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Photo not mine! The lithe and lovely Ea Torrado modernizes Sisa’s story and makes you wonder about what should qualify as crazy these days.

Her gripping rendition is grounded in the concepts of modernity and progress, and is presented tete-a-tete with one of the museum’s most prized pieces, the iconic España y Filipinas by Juan Luna. Both works of art talk of moving forward, but the former begs to ask – at what cost?

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Alone time in Lopez Museum?

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Yes, he did that all by hand. How blown is your mind right now?

One of the most mind-boggling works of art I have had the pleasure to see personally is Mike Adrao’s collection of framed charcoal on paper pieces. Titled “Colony”, these larger-than-life, delicately drawn columns seem to writhe and morph before your eyes, depicting transformation, change, and evolution. The work not only represents the various forms of colonization our country has undergone, but also reference the interplay of living culture and never-ending adaptation.

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Here the artist poses with one of my favorite works, and one that speaks to me most deeply as a Wiccan living in a primarily Catholic country.

Take the time to drop by the museum and check it out. You might also want to look into the various events, artist talks and workshops happening all throughout the duration of the exhibit, including It’s Complicated: Relationships in the Social Media Age (June 28, 2-4pm; PhP120) and It’s Complicated, the Concert (May 31, 2-4pm; PhP300).

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This was fun, as is all things with giant bugs and Michael Jackson are.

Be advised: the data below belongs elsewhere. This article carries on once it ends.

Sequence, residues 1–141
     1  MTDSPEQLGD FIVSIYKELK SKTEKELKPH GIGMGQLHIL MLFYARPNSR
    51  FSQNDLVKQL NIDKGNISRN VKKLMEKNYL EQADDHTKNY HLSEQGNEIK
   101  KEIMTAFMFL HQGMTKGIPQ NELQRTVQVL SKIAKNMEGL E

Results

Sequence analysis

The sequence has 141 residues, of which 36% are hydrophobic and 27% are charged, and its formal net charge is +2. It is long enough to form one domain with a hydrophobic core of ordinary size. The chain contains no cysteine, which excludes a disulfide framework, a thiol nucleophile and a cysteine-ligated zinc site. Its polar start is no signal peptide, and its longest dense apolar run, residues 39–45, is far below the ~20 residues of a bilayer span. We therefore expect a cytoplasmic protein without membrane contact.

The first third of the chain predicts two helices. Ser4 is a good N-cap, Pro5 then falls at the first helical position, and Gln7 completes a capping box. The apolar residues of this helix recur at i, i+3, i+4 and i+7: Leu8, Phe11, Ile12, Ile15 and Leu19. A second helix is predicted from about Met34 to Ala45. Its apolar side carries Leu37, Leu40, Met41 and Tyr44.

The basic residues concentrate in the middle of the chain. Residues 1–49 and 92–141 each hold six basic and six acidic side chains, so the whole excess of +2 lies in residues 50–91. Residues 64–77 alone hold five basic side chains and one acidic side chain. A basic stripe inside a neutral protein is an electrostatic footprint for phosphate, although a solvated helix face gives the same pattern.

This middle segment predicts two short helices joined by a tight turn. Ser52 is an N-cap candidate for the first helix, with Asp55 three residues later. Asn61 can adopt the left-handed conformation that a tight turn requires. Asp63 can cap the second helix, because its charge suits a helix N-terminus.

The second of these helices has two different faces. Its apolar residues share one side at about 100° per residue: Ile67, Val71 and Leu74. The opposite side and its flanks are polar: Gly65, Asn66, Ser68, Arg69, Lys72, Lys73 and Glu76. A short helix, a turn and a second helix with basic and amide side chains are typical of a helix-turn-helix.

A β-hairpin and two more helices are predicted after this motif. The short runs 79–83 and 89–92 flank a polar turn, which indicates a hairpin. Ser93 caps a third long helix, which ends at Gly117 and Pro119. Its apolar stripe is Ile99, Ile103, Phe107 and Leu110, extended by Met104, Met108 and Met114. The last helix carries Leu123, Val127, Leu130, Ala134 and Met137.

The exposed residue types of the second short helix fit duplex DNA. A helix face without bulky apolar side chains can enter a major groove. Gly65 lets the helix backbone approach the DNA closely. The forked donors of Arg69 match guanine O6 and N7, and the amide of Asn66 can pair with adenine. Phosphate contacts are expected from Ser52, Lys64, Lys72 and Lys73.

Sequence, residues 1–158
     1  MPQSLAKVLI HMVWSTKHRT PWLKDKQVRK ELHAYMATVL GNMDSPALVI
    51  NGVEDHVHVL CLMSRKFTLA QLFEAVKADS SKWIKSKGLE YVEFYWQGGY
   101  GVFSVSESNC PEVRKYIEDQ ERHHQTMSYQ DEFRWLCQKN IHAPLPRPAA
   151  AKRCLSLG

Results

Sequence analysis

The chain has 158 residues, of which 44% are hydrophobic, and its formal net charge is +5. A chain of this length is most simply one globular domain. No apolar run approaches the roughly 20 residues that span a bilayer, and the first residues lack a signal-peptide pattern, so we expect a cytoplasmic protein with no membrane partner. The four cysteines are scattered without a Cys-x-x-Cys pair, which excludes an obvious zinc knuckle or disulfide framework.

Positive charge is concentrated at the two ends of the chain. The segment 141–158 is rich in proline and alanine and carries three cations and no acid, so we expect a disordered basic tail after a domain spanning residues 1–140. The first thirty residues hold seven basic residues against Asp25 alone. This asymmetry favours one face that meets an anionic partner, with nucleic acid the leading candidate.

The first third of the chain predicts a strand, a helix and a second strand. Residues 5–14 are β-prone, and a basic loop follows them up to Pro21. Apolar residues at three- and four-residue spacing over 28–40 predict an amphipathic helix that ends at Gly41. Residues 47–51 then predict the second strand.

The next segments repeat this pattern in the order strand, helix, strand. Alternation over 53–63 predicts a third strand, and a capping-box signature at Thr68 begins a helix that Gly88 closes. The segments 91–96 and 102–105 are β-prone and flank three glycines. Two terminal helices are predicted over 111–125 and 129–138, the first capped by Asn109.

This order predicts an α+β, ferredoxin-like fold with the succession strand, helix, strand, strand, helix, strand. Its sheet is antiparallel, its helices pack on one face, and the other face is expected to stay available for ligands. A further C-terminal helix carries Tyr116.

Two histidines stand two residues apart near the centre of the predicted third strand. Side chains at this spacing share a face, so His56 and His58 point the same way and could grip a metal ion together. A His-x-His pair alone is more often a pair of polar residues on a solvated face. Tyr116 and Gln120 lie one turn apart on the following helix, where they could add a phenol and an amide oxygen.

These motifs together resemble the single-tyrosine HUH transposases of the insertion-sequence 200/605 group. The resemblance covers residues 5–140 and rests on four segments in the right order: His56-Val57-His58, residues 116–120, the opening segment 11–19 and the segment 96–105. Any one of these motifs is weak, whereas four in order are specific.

Complicated is curated by Ricky Francisco and Ethel Villafranca. It will run from February 21 to August 2, 2014. It is presented with support from Tin-aw Art Gallery. For more information, call Tina at 6312417 or email lmmpasig@gmail.com

Lopez Museum and Library is located at the G/F Benpres Bldg., Meralco cor. Exchange Rd., Ortigas Center, Pasig City. Museum hours are 8-5pm Mondays through Saturdays except Sundays and holidays.

Tickets are PhP100 for adults, PhP60 for elementary school children with valid IDs, and PhP80 for high school and college students with a valid ID as well as for senior citizens.

Like it on Facebook and then follow @buhaykuneho on Twitter for updates and reminders on museum events!

Like it on Facebook and then follow @buhaykuneho on Twitter for updates and reminders on museum events!

I just had to put this in.  Love watching passionate people talk with each other, even though I'm not a part of the conversation.

I just had to put this in. Love watching passionate people talk with each other, even though I’m not a part of the conversation.

See it.  Because everything gets to be complicated at one time or another, and because art is soul food, and because you love, love, love your country.

See it. Because everything gets to be complicated at one time or another, and because art is soul food, and because you love, love, love your country.

Spread the word!

    posted on by Little Bunny posted in What's hot and happening